Detroit Baptist Theological Seminary

30 Nov 2017

Worldview Flowchart

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A number of years ago I stumbled on the following chart in Boa and Bowman’s book, Faith Has its Reasons.[1] The representation below has been modified in a few minor ways from its original depiction. And while the chart is not perfect (some belief systems hold to more than one of these, though doing so is irrational), I think it is helpful.

The first question concerns whether there is a God, and this is clearly a most significant question. Nevertheless, the chart accurately indicates that some want to not make a decision (agnosticism), while others will elect to say they do not believe in God (atheism). The second question concerns whether there is one God or many gods. Those who take the latter are polytheists, while those who take the former have another question to answer; Is this one God infinite or finite? At this point, the chart splits in two. Consequently, the next question has four possibilities based on the question of whether God is personal or impersonal. If the person’s conception of God is that he is finite and impersonal, then the person holds to panentheism. Alternatively, one who holds to a finite but personal god holds to process theology or, more popularly, open theism. If on the other hand, one argues for an infinite, impersonal god, the person is a pantheist. One final question pertains to those who hold to an infinite, personal God: Does God interact with the world? If not, the person holds to deism. If so, the person holds to theism.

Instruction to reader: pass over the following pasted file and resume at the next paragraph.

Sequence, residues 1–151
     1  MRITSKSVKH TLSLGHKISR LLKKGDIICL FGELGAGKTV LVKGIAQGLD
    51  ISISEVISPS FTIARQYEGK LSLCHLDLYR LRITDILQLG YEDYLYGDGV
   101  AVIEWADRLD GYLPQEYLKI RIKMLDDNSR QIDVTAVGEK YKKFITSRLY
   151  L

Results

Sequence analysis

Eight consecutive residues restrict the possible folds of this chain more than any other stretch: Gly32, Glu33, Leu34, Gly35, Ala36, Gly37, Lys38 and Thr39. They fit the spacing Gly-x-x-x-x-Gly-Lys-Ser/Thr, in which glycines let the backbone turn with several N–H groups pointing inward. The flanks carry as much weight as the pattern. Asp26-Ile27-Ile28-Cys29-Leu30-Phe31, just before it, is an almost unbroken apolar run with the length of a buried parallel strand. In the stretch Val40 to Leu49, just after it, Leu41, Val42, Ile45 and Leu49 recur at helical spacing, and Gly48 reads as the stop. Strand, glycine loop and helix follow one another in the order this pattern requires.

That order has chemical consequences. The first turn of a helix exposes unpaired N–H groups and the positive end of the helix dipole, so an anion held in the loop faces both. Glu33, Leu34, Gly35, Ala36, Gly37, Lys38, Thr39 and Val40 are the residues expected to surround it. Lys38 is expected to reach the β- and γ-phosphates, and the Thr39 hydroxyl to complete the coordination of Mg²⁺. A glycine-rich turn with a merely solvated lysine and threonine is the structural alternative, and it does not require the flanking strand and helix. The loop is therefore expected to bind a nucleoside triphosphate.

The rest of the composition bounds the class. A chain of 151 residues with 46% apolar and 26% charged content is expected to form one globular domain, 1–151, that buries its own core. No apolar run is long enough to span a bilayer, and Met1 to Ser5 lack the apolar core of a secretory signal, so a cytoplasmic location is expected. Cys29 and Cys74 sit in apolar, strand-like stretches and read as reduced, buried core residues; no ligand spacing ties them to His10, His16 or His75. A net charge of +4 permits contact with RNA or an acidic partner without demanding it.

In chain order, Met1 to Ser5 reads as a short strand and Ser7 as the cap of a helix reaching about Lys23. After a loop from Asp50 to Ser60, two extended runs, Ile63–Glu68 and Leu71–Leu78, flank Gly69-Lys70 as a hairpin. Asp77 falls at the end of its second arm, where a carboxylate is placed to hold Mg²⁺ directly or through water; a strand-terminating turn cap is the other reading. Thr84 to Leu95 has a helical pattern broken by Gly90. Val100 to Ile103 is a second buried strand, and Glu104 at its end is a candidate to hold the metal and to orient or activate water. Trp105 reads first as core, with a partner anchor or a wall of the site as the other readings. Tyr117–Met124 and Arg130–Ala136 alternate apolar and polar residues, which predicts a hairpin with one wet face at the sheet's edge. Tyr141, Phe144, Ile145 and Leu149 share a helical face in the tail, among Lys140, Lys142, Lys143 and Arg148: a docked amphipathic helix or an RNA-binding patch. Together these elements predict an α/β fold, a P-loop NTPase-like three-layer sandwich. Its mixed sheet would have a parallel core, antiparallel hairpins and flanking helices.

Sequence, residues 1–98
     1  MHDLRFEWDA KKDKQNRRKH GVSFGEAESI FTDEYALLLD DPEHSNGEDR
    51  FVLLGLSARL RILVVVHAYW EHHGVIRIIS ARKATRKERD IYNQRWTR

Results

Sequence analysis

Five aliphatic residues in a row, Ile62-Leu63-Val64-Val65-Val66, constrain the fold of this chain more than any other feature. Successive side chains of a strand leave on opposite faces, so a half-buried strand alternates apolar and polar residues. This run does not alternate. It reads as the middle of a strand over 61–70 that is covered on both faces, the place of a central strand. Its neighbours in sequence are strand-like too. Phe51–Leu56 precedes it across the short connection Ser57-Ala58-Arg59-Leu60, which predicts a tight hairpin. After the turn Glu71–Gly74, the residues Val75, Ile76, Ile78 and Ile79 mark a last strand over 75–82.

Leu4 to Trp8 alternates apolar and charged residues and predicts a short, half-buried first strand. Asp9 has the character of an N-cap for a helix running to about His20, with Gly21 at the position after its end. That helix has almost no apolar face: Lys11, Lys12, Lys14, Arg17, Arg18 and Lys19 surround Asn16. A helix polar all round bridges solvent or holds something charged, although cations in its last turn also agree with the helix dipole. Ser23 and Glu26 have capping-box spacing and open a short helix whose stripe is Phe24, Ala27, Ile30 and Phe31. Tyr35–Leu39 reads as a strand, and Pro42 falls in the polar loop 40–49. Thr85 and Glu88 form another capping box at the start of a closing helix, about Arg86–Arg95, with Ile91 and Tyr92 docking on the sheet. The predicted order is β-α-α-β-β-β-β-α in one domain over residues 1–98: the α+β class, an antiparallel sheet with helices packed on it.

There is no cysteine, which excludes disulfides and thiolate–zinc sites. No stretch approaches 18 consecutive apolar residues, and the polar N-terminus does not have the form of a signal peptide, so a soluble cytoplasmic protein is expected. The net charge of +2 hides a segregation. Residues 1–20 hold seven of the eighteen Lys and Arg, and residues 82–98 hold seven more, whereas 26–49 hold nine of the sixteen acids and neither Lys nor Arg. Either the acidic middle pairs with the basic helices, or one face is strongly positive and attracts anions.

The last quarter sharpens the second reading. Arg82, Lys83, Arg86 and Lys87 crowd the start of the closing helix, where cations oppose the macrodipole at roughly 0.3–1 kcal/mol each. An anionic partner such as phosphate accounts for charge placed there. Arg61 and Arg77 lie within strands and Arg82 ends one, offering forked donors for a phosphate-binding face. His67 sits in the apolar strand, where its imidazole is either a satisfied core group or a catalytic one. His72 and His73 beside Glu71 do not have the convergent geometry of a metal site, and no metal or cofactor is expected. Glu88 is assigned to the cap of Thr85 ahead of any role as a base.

I should say that the original chart goes one step beyond what I have presented here by asking whether one believes in the Trinity, making a distinction between Christian Theism and unitarian conceptions, of which there are many (JW, Mormonism, Islam). And while this chart may not prove as useful as James Anderson’s book What is your Worldview?, it helps us think through the various worldviews at a quick glance.

[1] The book can be accessed for free through, and the page where the chart is found is linked here. They give credit to Kreeft, Geisler, and Watkins for the ideas that produced the chart.